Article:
“All emotions, including anxiety, motivate us to do certain things,” says Moltrecht, explaining that anxiety can motivate us to prepare for an important warning sign. “As long as people are able to follow their normal life, achieve their goals and not be hindered by their anxiety, there are not many drawbacks to the experience of anxiety.”
Nineteenth-century Danish existential philosopher Søren Kierkegaard believed that anxiety was our best teacher, arguing that anxiety helps us develop ‘self-strength’—more commonly known today as ‘emotional resilience’—which guides us towards maturity. While he fully acknowledged how truly dreadful anxiety was, Kierkegaard also believed it was a powerful experience which, when used in a positive way as a guide to better decision-making, would enable us to grow and develop as human beings.
For example, if you were feeling anxious about travelling back to the office after lockdown, Kierkegaard would encourage you to think about why you feel it. What is it precisely that’s making you feel anxious? Perhaps you aren’t ready to return to the office just yet? Are there ways of continuing to work from home? Will you feel better if you take extra precautions? Musing over questions such as these can help us better understand ourselves and our needs, and make changes that enable us to live in more fulfilling ways.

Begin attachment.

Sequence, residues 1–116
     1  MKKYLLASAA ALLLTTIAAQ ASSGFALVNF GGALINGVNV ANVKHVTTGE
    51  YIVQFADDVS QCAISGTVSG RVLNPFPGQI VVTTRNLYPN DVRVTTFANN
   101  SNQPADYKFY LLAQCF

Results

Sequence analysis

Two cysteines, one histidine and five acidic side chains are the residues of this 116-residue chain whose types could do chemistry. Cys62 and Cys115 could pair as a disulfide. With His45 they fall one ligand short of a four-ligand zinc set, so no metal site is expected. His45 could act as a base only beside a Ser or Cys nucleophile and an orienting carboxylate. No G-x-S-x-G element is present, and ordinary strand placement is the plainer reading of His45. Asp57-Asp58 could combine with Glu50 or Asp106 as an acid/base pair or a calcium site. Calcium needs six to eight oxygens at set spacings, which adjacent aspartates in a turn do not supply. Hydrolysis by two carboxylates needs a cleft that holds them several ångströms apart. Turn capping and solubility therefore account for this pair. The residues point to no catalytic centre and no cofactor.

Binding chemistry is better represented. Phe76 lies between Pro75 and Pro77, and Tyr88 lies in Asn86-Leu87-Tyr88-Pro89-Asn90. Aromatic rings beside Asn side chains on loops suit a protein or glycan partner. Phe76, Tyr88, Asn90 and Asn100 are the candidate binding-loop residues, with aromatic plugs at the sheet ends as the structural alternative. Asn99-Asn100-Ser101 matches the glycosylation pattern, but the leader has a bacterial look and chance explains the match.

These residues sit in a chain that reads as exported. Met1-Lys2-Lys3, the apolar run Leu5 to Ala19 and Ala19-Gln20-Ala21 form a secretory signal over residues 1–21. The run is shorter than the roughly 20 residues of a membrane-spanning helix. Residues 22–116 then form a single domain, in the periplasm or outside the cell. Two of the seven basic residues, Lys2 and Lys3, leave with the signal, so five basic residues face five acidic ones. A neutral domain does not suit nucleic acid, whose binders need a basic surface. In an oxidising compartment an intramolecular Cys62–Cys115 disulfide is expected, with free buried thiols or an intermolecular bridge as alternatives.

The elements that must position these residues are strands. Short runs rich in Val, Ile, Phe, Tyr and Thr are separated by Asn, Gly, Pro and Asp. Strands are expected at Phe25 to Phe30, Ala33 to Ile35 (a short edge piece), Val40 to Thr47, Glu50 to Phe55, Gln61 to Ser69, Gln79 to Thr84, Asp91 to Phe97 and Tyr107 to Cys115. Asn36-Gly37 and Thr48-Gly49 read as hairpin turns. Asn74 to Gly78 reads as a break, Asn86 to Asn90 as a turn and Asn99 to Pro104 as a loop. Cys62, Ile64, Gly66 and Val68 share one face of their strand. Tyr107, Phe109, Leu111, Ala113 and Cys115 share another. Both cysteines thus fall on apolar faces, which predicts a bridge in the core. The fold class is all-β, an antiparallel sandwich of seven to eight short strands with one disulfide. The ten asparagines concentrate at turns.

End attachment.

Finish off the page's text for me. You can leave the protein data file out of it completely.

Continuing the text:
Anxiety can indicate vitality
Anxiety, in various degrees, is a reality for many, and although heightened by the pandemic, it’s also something that’s helping to protect us from further risks of contracting the virus. “The presence of anxiety indicates vitality,” May argues, with minor or moderate experiences relieving us from numbness, sharpening sensitivities and creating “the tension that is necessary to preserve human experience.” Given that anxiety can make us more alert to potential threats, it has positively motivated many of us to shift our behaviours, with more people wearing masks, carrying hand sanitiser, and rethinking international travel.
Furthermore, as many have argued, this period of time has enabled a positive sense of shared experience. Our collective anxiety has played a fundamental role in bringing us together, allowing us to feel compassion for one another, which in turn works towards normalising the experience of anxiety at large.